Right after surviving 9/11, I quit my Wall Street job and decided to go for it. Very therapeutic.
How do you get over creative blocks?
I just simply stop and take a breather. Go to the gym, go to my garden or play with my cat Dante.
What do you like best about 20x200?
I had always believed in the public being able to collect and learn about art by buying it at affordable prices or without having to break the bank—especially emerging artists’ art. I think it’s a building process for artists and this is a good platform for career building.
Why do you think it's important to have a dedicated work space for your art? What advice would you give to artists looking to build a creative work space?
Home is where it’s at. I think that studio spaces are extremely expensive here in NYC and you can be organized, simplify your life and save travel time and expenses if you make your own private niche at home.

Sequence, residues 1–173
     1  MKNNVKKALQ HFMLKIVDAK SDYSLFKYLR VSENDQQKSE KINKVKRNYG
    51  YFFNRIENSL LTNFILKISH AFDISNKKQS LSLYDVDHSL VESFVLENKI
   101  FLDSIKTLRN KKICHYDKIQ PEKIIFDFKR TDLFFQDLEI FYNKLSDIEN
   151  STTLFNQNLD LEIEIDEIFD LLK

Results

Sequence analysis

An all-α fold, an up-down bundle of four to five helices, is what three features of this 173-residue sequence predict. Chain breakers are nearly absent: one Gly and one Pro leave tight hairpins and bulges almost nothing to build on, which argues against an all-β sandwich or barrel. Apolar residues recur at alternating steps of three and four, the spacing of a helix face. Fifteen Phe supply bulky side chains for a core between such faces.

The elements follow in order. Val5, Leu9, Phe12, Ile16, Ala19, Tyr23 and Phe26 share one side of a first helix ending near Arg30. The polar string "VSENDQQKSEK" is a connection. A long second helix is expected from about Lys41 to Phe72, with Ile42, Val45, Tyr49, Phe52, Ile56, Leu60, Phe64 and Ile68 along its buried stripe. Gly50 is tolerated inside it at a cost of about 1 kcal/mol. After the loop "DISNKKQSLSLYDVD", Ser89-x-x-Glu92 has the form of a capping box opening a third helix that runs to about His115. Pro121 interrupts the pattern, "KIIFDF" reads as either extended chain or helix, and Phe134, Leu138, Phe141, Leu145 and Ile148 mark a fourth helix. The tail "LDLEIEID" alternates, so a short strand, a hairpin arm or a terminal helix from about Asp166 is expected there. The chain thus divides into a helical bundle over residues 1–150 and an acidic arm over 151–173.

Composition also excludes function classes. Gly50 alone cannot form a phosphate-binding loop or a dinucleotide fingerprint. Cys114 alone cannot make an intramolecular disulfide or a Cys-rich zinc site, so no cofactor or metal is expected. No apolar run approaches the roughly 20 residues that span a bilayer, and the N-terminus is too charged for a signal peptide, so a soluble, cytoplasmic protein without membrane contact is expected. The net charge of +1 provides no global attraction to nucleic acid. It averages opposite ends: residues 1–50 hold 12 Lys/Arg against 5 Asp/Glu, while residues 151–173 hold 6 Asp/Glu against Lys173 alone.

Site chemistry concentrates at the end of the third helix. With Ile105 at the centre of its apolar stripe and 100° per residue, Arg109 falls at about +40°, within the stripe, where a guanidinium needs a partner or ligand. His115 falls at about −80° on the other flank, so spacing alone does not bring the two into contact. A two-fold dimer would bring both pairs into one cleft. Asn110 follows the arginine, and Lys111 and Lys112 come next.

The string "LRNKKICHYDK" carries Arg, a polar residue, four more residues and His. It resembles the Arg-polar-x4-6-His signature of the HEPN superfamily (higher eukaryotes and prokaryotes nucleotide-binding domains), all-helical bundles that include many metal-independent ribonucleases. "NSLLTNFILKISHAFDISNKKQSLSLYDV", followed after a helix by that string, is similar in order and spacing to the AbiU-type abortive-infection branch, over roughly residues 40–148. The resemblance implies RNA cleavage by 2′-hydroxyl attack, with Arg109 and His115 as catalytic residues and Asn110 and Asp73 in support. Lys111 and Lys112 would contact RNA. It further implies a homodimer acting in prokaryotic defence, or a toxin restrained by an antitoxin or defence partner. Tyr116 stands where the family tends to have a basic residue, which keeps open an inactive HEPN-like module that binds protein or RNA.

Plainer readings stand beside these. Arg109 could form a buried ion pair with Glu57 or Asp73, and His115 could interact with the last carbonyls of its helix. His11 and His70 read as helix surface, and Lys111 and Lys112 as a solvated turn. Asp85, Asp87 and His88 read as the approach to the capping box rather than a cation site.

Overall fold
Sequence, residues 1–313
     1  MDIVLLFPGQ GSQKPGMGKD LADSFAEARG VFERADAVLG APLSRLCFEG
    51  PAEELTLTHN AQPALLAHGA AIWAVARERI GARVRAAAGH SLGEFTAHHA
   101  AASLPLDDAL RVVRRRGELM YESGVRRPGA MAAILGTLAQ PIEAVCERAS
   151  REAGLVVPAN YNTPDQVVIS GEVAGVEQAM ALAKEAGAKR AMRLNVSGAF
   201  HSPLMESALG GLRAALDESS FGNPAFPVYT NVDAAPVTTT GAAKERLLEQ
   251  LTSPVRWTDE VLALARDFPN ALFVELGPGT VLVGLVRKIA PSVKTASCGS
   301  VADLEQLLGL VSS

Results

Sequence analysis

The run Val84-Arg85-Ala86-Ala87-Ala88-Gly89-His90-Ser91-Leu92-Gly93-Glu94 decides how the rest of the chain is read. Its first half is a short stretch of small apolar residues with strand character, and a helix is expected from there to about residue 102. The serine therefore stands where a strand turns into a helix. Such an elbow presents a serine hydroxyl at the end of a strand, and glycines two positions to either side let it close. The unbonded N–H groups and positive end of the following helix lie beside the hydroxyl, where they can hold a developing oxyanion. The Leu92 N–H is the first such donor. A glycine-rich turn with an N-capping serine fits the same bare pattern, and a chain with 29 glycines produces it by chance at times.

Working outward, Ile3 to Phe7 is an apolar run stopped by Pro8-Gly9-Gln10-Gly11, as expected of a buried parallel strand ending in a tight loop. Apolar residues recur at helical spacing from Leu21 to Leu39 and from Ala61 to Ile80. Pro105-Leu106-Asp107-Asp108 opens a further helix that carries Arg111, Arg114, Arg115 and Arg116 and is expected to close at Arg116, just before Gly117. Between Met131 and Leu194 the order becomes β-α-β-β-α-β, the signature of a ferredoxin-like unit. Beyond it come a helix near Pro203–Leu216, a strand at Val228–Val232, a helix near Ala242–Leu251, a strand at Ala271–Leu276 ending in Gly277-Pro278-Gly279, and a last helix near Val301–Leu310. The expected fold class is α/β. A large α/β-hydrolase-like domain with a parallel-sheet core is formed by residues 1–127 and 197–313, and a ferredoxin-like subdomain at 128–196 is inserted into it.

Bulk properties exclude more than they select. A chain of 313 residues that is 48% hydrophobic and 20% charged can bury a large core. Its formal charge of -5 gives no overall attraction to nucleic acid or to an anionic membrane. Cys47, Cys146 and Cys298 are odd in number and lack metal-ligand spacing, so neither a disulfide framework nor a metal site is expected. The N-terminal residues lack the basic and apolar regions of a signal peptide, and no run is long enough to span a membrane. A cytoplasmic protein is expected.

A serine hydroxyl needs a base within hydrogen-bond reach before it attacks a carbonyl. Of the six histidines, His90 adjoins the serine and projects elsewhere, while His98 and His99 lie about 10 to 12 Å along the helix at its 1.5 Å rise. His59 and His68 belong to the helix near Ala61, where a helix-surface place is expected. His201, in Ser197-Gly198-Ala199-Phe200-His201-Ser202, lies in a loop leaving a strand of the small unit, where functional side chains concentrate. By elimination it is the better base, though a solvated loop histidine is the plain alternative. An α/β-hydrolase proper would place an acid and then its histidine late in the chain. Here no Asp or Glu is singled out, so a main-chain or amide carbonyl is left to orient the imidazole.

The 411 on Ruben Natal-San Miguel
Ruben Natal-San Miguel—American, born in Arecibo, Puerto Rico—is an architect, photographer, curator, writer, art collector and consultant who specializes primarily in the art of fine emerging photography. His work has been shown nationally and internationally at Asya Geisberg Gallery, New York; Finch & Ada, New York; Kris Graves Projects, Fuchs Projects, Hous Projects, New York and Los Angeles, University of Washington, Seattle; Art in FLUX Harlem, Picture Black Friday 2009 and 2011, A Decade of Photographs 2000-2011, The New York Public Library 2010-2014; Karyn Mannix Contemporary, Schomburg Center for Research in Black Culture, L' Maision D Art Gallery, SCOPE NYC... & Miami, Agua Art Fair During Miami Art Basel, PULSE NYC,Art Chicago, Zona MAco, Mexico City, Photo LA and Phillips Auction House. His photography and curated shows have been published in several publications, among them New York Magazine, The Huffington Post, L Magazine, ARTnet, American Suburb X, The Bushwick Daily, Time OUT, The Atlantic, Aperture, Daily News, Wink Magazine, Urban Italy Magazine, French Photo and The New Yorker. In 2013, he won the Photo District News Magazine Portrait competition.